As the global pandemic of the novel coronavirus disrupts all sorts of industries around the world, the seafood industry is already feeling the impact.
Diversified Communications, which hosts Seafood Expo North America, announced they postponed the show that was set to take place in Boston March 15-17, and have also postponed Seafood Expo Global, set to take place in Brussels, Belgium, April 21-23.
Additionally, they report that many restaurants in China have temporarily closed down during this Chinese New Year, which exerts great influence on the country’s seafood sales. According to some insiders, the sales of freshly frozen seafood has plummeted by about 90%.
In Alaska, 50 to 60 dive boats in Southeast have been tied up for more than a month because their main market in China is closed due to the virus.
Meanwhile, around Bristol Bay, Alaska Public Media reports that community leaders, health facilities and local entities are working to coordinate their preparations for the coronavirus as thousands of fishermen, processors, and cannery workers make plans to travel to Bristol Bay in the coming months to participate in the commercial salmon fishery.
Bristol Bay Economic Development Corporation has indefinitely postponed a job fair scheduled for later this month in Naknek. Meanwhile, the Bristol Bay Sustainability Summit was postponed, and the Western Alaska Interdisciplinary Science Conference and Forum has been cancelled.
As of Tuesday, no one in the region had tested positive for the virus, and six cases had been confirmed in the state.
The halibut fishery, which was already facing headwinds with lower quotas across most of the state, was off to a slow start when it opened last weekend, with one boat getting $5 per pound which was surprisingly high since the freezer price is currently around $4 per pound.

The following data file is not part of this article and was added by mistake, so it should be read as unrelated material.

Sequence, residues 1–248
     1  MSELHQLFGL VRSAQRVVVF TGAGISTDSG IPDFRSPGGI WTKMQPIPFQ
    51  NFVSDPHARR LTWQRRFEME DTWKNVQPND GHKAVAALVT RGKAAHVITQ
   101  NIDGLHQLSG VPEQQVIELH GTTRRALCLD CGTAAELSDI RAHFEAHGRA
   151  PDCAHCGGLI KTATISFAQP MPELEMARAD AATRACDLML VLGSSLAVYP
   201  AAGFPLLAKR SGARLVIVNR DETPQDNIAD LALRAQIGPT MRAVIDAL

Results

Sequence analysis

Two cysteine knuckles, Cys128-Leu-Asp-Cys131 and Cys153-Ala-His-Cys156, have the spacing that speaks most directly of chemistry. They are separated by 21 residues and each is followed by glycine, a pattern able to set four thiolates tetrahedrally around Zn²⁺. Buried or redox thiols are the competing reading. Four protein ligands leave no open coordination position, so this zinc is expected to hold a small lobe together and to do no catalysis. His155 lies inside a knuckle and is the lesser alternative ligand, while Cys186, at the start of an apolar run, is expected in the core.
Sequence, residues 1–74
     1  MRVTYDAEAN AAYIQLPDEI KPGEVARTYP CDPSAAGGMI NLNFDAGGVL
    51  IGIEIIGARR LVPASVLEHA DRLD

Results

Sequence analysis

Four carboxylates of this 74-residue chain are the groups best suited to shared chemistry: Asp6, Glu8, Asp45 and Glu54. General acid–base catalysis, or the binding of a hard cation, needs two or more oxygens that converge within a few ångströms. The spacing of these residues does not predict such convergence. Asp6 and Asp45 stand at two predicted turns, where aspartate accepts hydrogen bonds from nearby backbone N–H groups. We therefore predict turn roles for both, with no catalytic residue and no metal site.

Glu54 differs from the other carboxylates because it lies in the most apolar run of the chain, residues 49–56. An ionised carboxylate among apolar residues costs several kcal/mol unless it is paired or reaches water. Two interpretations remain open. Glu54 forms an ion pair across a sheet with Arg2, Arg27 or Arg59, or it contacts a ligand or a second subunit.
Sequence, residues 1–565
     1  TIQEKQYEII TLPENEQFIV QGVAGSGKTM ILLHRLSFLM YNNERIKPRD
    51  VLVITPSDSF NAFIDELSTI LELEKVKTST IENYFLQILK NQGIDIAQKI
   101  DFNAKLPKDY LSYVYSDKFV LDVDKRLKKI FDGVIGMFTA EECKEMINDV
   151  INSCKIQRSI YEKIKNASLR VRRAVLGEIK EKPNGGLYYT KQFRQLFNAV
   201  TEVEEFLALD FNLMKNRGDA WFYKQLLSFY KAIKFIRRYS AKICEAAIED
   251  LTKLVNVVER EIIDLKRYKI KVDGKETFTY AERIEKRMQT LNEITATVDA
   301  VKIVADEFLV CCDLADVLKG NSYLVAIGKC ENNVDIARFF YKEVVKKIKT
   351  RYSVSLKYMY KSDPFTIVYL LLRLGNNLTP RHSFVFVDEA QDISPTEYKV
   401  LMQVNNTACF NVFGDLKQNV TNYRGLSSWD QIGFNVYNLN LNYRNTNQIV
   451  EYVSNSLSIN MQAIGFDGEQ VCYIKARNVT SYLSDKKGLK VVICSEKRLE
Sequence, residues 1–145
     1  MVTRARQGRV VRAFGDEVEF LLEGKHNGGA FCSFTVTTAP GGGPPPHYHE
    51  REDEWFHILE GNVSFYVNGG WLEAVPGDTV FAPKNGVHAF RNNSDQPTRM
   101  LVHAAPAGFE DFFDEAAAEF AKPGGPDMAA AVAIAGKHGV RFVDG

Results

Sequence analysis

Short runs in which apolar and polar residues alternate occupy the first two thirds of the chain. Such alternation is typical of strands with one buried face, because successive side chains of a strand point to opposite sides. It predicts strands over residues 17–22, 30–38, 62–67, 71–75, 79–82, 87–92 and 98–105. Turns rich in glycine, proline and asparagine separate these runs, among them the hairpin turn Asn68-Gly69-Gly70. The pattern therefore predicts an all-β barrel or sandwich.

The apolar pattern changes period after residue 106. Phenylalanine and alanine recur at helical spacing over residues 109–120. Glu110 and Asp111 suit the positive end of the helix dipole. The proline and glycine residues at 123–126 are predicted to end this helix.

White table restaurant sales are down, especially in the seafood-rich market of Seattle, where many have closed entirely.
John Sackton, founder of SeafoodNews.com, wrote about the rapidly changing scenario.
“In Seattle, where on Friday (March 13) it was reported that at least 50 restaurants had closed, total visits on Thursday, March 12 were down 58% versus a year ago,” he wrote. “Yet on Saturday, Feb. 28 they had been up 7% over the prior year. In Boston they were up 22% on that Sunday (Feb. 29), and down 47% by last Thursday.
“In the rest of the country, restaurant visits were down from 20% to 50% over the same day of the prior year.
“I thought this was going to create immense problems for seafood distributors. The complete closure of restaurants in many states will simply amplify the problem.”
He said that most restaurants are able to do curb-side pickup, which does not bode well for seafood menu items which are often more complex than standard pasta and meat items, with the exception of shrimp dishes.
One of the biggest problems he points out is what the future holds.
“I cannot stress enough how much we need to be thinking about our situation in two or three weeks, versus our situation today. Much of the impact of the food service slow down, let alone total halts, has yet to ripple through the supply chain.
“Freezers are already generally full; as supplies were built up for Lent, the exports collapsed.”
He said the buildup of inventory is the most dangerous thing for the industry, as it will be the biggest obstacle to both a future recovery, and even the ability to conduct the spring harvests.
He added that there are three elements to pay attention to: Logistics, with border crossings and supply chain interruptions; financial, as consumers are deprived of revenue; and seasonal harvests, as snow crab and lobster fisheries, scheduled to open within weeks in Eastern Canada, get underway.
“What about Copper River salmon, and the roll out of the entire Alaska salmon fishery?
“The problem is that if left to market forces alone, the dock price in a lot of fisheries would fall below the cost to harvesters to land that fish, meaning there would be little reason to go fishing.”
Cristy Fry can be reached at email@example.com